Typically, you have your test suite structured in a hierarchic way to keep it organized. The way you structure your system test suite has a considerable impact on how effective and efficient you can use your tests. A good structure of a system test suite supports:
- maintaining tests when requirements change
- determine which part of your functionality has been tested, and to which degree (coverage)
- finding and reusing related tests while creating new tests
- selecting a set of test cases to execute (test plan)
- finding the root cause of a defect (debugging)
In my opinion, the first two points are the most important ones, as they touch the core of what system tests should do, namely to ensure that the system fulfills its requirements.
Of course each project is different and no matter which structure I choose, I always run into the “tyranny of the dominant decomposition” (i.e. there is no such thing as THE best way to build a hierarchy) in the end. Nevertheless, I have seen a couple of anti-patterns in the past, which only very rarely make sense.
Continue reading Structuring system test suites – antipatterns and a best practice
At Qualicen, it’s often my job to check other people’s system test cases and tell the team what I think about these tests. So what do I look for? Well, in principle it is simple: After tests are written down, they are “only” executed and maintained. So this is where tests can be bad and I try to spot things that make execution and maintenance harder. For the maintenance, the largest problem here are clones, which we covered in our last blog post. For the test execution, the main problem that you want to avoid is that different testers test different things. This is called ambiguity and comes in many tastes. In this blog post, I want to explain what is structural ambiguity and why it is bad, and this way help you to create better test cases.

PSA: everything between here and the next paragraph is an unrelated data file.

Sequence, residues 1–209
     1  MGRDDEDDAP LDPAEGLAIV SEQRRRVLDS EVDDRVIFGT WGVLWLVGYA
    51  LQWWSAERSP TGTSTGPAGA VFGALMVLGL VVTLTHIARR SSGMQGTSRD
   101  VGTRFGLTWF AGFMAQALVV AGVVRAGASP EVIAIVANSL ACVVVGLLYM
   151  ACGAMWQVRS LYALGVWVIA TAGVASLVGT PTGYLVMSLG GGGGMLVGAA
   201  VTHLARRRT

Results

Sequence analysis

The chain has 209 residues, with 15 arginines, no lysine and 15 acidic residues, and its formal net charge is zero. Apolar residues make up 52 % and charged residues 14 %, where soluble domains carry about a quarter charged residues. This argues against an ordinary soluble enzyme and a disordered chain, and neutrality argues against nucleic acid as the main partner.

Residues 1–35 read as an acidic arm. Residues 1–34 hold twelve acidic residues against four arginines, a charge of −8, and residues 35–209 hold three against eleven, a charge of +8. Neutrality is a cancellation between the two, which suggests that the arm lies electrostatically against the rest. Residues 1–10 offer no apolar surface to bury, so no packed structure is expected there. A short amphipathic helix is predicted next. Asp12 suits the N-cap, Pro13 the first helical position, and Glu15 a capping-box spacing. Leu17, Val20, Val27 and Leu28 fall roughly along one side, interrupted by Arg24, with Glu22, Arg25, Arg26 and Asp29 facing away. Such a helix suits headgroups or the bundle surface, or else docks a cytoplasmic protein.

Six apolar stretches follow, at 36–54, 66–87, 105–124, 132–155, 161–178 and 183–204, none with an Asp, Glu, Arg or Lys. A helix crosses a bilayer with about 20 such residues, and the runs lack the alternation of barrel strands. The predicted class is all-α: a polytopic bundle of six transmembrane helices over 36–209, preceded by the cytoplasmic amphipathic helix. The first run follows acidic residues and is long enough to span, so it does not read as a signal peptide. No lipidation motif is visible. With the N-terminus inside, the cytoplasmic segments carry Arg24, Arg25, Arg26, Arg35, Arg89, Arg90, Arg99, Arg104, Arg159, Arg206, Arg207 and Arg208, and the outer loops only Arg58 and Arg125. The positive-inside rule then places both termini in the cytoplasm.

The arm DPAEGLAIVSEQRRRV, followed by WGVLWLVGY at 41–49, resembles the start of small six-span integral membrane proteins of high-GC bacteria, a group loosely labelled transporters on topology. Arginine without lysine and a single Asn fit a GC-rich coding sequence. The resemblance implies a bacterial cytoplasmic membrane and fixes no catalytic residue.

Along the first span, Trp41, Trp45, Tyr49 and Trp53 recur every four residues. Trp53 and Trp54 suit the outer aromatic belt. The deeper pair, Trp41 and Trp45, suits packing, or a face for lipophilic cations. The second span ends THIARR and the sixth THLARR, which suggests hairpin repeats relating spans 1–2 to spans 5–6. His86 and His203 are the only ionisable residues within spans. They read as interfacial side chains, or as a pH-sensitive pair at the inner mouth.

(Scroll to the summary, if you don’t care about the details) 😉
Ambiguous test flow
The problem for test execution that I want to discuss here, is an ambiguous test flow. This means, that for a single test case, there are multiple paths that a tester can follow when she executes the test. Let’s look at an example.
A simple, straight-forward natural language system test case.
Continue reading Conditionals: Why you should avoid these two letters for better test case execution